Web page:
European markets continue to lag their US counterparts with the Dow putting in another decent gain yesterday after nearly hitting a new high for 2012, but a downgrade to Spain’s credit rating by S & P overnight has reminded the bulls of the headwinds that investors currently face.
Earlier this morning we had been calling the FTSE to open flat at around the 5750 mark, but on opening we’re in the red by some 30 points at 5710. Spain’s second cutting to its credit rating this year is another shot across the bows of Europe’s fourth largest economy, and whilst equity markets are dipping this morning the country’s ten year government bond yield is heading in the opposite direction, around the 6% level. It’s not only that Spain has a banking industry that’s in so much trouble that it makes our banking crisis look like a picnic, but they still suffer from rabid unemployment that is expected to rise even further. On top of this their Prime Minister continues to insist that the country does not require any financial aid. The markets have heard this all before when similar claims were made by the leaders of Greece, Ireland and Portugal and they remain unconvinced. At least for now however the bond yields have not spiked completely out of control and we’re not seeing wide spread panic.
So as mentioned the FTSE is softer on the open and in the past month and a half it has been forming a bit of a downward trend since hitting its highs for the year in the middle of March. The trend sees resistance around 5790 which is the upper downward trend line with other significant near term levels at 5830 and 5900, meanwhile support is around 5635/00. The trend looks like it could be forming a bullish flag so a break to the upside might get the bulls excited, but it’s unlikely to happen today unless we see something spectacular from the US GDP figures this afternoon.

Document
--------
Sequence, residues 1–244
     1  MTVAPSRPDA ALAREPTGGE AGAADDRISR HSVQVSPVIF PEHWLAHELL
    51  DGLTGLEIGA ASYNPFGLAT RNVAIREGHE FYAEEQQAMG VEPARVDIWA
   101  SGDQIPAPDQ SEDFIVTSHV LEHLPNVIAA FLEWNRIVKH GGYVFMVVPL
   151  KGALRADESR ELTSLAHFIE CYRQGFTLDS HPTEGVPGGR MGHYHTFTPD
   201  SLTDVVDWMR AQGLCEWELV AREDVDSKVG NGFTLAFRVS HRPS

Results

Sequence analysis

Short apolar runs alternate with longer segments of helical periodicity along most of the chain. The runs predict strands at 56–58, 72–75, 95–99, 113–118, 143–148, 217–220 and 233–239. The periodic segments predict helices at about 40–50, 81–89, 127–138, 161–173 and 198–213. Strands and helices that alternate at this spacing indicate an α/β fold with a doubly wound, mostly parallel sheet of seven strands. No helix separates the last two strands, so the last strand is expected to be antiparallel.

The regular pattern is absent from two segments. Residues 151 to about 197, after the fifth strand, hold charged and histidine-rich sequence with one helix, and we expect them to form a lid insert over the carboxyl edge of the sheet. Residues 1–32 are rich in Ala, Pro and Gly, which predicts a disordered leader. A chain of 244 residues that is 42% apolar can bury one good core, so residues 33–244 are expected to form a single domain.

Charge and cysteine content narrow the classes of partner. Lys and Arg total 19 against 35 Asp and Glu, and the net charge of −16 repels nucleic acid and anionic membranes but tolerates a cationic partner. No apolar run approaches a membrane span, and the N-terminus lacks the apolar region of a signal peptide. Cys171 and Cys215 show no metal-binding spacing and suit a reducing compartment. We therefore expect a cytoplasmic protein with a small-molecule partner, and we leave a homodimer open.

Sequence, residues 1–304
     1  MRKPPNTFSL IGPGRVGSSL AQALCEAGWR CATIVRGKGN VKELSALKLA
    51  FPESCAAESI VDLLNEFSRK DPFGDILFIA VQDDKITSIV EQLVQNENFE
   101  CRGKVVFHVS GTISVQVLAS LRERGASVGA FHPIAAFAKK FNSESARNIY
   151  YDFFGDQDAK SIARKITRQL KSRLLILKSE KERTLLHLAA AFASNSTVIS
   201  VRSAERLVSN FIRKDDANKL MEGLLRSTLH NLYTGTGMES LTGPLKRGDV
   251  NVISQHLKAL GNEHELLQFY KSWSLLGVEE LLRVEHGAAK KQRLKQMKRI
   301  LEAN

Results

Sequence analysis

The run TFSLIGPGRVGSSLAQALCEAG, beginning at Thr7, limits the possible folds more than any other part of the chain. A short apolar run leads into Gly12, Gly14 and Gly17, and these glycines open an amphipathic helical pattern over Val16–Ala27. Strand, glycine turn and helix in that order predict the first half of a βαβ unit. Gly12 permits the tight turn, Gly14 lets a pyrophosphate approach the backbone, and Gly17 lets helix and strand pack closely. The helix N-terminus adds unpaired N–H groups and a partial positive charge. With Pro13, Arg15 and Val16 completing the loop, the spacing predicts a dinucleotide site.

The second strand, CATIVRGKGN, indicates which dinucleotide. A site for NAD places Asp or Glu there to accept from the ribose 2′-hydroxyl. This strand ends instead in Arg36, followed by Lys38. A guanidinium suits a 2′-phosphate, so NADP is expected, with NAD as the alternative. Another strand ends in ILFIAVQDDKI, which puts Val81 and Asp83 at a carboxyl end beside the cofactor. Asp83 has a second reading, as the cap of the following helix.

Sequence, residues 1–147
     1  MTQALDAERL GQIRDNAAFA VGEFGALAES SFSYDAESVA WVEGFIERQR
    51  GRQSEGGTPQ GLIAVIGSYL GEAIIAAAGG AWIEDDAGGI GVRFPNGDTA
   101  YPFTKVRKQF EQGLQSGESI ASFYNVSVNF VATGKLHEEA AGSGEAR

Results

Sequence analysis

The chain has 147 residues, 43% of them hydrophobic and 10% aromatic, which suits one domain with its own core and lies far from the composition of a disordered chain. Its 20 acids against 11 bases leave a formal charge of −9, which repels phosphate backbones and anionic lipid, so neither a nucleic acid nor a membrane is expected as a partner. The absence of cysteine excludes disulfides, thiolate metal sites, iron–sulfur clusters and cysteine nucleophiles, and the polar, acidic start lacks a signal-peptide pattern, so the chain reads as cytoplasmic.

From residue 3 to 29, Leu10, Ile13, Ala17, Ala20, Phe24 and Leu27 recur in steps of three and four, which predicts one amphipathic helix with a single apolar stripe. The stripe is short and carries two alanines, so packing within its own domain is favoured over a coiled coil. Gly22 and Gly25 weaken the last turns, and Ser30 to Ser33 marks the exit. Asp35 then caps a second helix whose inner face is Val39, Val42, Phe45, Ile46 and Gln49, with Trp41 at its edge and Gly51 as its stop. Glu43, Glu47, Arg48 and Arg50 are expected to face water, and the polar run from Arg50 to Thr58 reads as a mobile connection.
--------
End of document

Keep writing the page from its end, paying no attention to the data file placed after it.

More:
Market expectations for Q1 US GDP are for an annual growth rate of 2.6% slipping from 3% from the previous reading. However, economist’s forecasts have been spread over a wide range of 1.2% to 3.6% given the mixed signals the economic data from the world’s largest economy has been sending out lately. Whilst equity markets have benefited from global central bank stimulus over the last few months, traders will be keen to see if any of this has actually benefited underlying growth. With China slowing and the weaker European nations dragging the wider region closer to recession, the need for the US to maintain its “moderate” recovery becomes ever more crucial for the global economic outlook.
Despite rising in the morning to 1.3263, the highest level for more than three weeks, the euro finished the day 12 pips in the red at 1.3208. The reason behind it was a cut in Spain’s sovereign debt rating from A to BBB+ by Standard & Poor. It came as a reminder that Europe is still mired in financial troubles with the so called peripheral economies getting worse, and this morning the single currency is in retreat at 1.3160.
After digesting the Federal Reserve’s statement on monetary policy, gold buyers decided to step back into the market pushing the price up $11.00 to $1654.90. The spectre of a prolonged period of low interest rates in the developed world still offers good support for the yellow metal. Mixed economic indicators in the US and growing uncertainty for the European politics could also raise demand for gold as a hedge. This morning the precious metal is at 1650.
Initially, the WTI crude prices were under pressure as the figures for the US jobless claims showed an employment sector still struggling to present itself in a better light. However, housing data improved investor’s sentiment by surprising to the upside. A rally in the stock markets also provided guidance to energy market participants who ultimately pushed the WTI crude prices higher for third time in a row, a 59 cents gain for the session to $104.55. However, this morning’s risk aversion means a decline for crude with WTI at 103.75 at the time of writing.